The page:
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Transfusions in Danish medical patients: adherence to guidelines and effect of interventions

Authors Teglbjærg LLS, Bruun MT, Titlestad KE

Received 17 October 2017

Accepted for publication 27 November 2017

Published 26 January 2018 Volume 2018:6 Pages 7—13

DOI https://doi.org/10.2147/IJCTM.S154312

Checked for plagiarism Yes

Review by Single anonymous peer review

Peer reviewer comments 2

Editor who approved publication: Prof. Dr. Cees Th. Smit Sibinga

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Lars Larsen Stubbe Teglbjærg,1 Mie Topholm Bruun,2 Kjell Einar Titlestad2

1Department of Internal Medicine and Acute Medicine, OUH Svendborg Hospital, Svendborg, 2Department of Clinical Immunology, OUH Odense University Hospital, Odense, Denmark

Introduction: The use of blood components per inhabitant in Denmark has for many years been among the highest in the world. The purpose of the present study was to study the indications for red cell transfusions, and the adherence to the Danish National guidelines, in a group of Danish medical patients.
Methods: This study was a retrospective, observational study on blood transfusions given at a department of internal medicine. Audit standards were developed from national guidelines. A local campaign consisting of questionnaires, monthly oral status presentations, motivational policy posters, educational sessions, feedback intervention letters, and a compulsory e-learning course was carried out.
Results: During 2015, a marked two-third decrease in blood use was observed. In the study period, overall 48% had a recorded valid indication, but only few had anemia-specific symptoms. The combination of a valid indication and a one-unit strategy was only recorded in 31% of transfusions. Overtransfusion occurred frequently.
Conclusion: The transfusion practice recorded in this study was mainly in accordance with present guidelines, and reflected the high quality of care given. However, both valid indications and informed consent were lacking in a substantial number of the transfusion episodes. This should be a priority for further action. The study indicates that a combination of focus and educational interventions makes it possible to achieve a considerable reduction in red blood cell transfusions in a mixed medical population.

Keywords: red blood cells, transfusion, single-unit, guidelines, intervention

 

Introduction

The use of blood components per inhabitant in Denmark was for many years the highest in the world.1 As a consequence, the Danish Health Authority published a restrictive national guideline on blood transfusion in 2007, where one of the key elements was to reduce the high consumption of donor blood in Denmark.2 The use of blood has indeed declined since 2007, as stated in reports from the Danish Transfusion Database3 and from the Danish Health Authority.4 A revision of the guideline was published in 2015,5 with recommendations for an even more restrictive transfusion strategy and a one-unit transfusion practice.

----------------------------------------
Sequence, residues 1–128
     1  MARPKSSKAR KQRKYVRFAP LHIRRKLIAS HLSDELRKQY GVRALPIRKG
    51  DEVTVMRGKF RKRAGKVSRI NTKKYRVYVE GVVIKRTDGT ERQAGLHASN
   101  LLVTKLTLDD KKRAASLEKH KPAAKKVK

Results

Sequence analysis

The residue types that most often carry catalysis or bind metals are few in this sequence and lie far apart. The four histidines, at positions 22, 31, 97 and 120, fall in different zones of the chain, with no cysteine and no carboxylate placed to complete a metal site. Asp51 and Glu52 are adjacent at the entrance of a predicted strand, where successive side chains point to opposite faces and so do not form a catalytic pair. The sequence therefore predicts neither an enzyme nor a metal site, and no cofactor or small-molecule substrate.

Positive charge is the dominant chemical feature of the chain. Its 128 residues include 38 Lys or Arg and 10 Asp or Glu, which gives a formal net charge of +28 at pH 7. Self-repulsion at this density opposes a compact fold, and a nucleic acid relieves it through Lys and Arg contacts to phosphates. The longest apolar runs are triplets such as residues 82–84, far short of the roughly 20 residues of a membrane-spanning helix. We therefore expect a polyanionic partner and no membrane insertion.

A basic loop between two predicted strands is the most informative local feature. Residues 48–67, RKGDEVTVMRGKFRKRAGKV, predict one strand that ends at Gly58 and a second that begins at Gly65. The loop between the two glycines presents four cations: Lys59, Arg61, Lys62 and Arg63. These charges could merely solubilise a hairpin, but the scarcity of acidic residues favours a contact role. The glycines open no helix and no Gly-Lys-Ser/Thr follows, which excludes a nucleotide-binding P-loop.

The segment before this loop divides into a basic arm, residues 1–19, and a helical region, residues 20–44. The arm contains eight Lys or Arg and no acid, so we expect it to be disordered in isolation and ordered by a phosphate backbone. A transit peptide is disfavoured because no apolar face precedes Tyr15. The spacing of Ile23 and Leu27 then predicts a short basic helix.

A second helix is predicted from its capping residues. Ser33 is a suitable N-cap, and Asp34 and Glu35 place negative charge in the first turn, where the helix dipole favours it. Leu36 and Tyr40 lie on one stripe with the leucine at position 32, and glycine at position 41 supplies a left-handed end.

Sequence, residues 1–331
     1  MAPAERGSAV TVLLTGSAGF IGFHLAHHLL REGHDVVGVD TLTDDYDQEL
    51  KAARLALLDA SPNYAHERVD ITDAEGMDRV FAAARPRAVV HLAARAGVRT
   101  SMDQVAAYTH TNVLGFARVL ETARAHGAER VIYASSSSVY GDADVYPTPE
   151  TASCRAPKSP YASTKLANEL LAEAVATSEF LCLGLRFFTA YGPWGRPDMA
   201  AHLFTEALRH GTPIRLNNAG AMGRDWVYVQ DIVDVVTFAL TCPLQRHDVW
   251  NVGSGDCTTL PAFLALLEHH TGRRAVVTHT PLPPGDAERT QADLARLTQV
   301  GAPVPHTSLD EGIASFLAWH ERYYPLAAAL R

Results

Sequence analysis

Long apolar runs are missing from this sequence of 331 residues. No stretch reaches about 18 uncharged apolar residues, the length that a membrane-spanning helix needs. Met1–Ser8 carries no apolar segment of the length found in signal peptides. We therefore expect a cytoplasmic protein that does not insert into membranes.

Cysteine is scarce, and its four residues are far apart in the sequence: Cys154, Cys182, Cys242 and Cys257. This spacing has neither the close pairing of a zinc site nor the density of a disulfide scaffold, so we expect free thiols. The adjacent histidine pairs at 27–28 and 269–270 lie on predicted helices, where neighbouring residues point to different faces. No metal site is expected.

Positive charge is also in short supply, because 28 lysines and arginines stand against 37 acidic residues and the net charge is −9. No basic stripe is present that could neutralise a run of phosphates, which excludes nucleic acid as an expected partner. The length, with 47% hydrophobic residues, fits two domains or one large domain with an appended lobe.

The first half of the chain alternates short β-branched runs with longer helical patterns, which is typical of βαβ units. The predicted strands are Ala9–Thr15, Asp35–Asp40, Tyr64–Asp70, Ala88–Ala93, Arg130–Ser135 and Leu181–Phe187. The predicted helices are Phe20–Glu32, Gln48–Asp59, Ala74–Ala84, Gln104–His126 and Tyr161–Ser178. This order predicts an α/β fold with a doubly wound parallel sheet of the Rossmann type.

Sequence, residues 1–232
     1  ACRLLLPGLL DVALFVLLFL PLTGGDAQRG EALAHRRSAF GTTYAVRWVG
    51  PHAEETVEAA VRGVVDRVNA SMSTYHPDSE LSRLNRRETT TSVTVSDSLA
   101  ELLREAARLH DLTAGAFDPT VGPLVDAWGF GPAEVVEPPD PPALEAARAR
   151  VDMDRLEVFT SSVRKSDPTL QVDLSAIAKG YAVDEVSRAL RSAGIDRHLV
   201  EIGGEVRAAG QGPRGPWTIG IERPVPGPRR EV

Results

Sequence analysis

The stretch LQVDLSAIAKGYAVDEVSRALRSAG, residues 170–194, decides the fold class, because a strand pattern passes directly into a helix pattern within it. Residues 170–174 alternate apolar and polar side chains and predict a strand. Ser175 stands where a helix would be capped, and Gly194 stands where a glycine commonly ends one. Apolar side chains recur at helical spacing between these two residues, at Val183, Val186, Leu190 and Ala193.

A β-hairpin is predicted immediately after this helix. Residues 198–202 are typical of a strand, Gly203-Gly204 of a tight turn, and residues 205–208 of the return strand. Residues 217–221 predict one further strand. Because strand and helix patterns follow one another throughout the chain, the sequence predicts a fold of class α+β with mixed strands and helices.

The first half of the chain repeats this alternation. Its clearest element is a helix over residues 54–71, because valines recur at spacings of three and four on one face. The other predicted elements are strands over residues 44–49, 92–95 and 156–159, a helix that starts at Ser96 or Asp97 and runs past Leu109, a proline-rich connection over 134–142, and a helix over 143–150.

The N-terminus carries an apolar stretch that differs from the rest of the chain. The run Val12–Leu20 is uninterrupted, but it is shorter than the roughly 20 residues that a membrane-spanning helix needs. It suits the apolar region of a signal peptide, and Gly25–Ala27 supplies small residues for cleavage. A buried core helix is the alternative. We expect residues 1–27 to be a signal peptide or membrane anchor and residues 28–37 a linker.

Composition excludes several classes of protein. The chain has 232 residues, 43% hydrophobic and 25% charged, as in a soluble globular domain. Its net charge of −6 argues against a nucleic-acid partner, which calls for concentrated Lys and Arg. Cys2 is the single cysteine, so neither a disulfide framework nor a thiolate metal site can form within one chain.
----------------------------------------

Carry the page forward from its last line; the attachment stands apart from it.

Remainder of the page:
Scientific evaluation of transfusion practice has been performed in different surgical and intensive care settings, but studies in the area of internal medicine are sparse. Other studies have shown that overtransfusion is frequent6 when the level of post transfusion hemoglobin (Hb) is compared to current guidelines.3 This seems to be one of the reasons for the high transfusion rate in Denmark, and our hypothesis was that this was due to non-compliance with guidelines. The present study was designed in order to study the indications for red blood cell (RBC) transfusions, and the adherence to transfusion guidelines, in medical patients in a Danish medical population. It is known that interventions can reduce a physician’s levels of inappropriate transfusions, but there is not much knowledge concerning interventions on transfusions in internal medicine.7 The second aim of our study was to investigate whether targeted education and focus could increase compliance with guidelines.

Materials and methods

We conducted an observational intervention study with retrospective registration of RBC transfusions and indications for RBC transfusions.

The study included patients at the Department of Internal Medicine at a Danish hospital, including patients at the emergency department and patients in the outpatient clinic, who received blood transfusions from May 1, 2015 to October 31, 2015. Patients with suspected need of thrombolysis or invasive cardiology were transferred directly to other departments and thus not included in the study. The hospital serves as the primary care hospital for approximately 160,000 citizens. The Department of Internal Medicine received non-selected medical patients, including cardiologic, stroke, and medical patients in need of intensive care. The department also offers an outpatient transfusion service for hematological, oncological, and primary care patients.